The purpose of this study was to explore and study the effects of both positive and negative stereotypes on the perceived decision making abilities of those exposed to them. Past research has indicated that prejudice towards women exists more prevalently and more intensely in society than it does for males. Accordingly, we predicted that women would respond more negatively to such stereotypes than men would when presented with them. We then measured this by asking participants to judge their perceived agency in hypothetical situations that required decision making. We tested this with both positive and negative stereotypes, and also with a control. Our findings did produce significant results showing a main effect of participant gender (female) causing them to rate themselves more negatively then males on average. These results are important because they show that women respond negatively to these pervasive and flawed stereotypes attributed to their gender which could negatively affect their ability to make efficient decisions in everyday life.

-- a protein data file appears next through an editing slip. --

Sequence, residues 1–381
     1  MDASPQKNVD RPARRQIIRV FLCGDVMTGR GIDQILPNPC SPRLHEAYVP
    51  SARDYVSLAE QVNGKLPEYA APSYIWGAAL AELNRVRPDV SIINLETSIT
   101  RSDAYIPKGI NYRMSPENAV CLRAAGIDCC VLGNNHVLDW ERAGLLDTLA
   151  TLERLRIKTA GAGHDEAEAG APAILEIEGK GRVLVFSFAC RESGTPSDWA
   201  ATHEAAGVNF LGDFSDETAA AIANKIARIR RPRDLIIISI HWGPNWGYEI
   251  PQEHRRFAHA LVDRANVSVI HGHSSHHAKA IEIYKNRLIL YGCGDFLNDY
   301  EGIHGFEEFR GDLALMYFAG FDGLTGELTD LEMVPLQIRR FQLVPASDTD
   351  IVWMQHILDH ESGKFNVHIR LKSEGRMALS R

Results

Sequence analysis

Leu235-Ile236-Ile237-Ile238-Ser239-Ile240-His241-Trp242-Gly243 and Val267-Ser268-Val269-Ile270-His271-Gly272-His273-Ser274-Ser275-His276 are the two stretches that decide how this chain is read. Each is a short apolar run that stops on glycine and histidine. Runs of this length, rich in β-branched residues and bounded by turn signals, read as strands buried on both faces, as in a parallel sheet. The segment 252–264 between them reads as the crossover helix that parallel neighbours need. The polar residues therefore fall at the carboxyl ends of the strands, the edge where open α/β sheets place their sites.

Frederick J. Nitchie IV, Arcadia University
"The Effect of Gender Stereotypes on Perceived Decision Making Abilities,"
The Compass: Vol. 1
, Article 8.
Available at: http://scholarworks.arcadia.edu/thecompass/vol1/iss3/8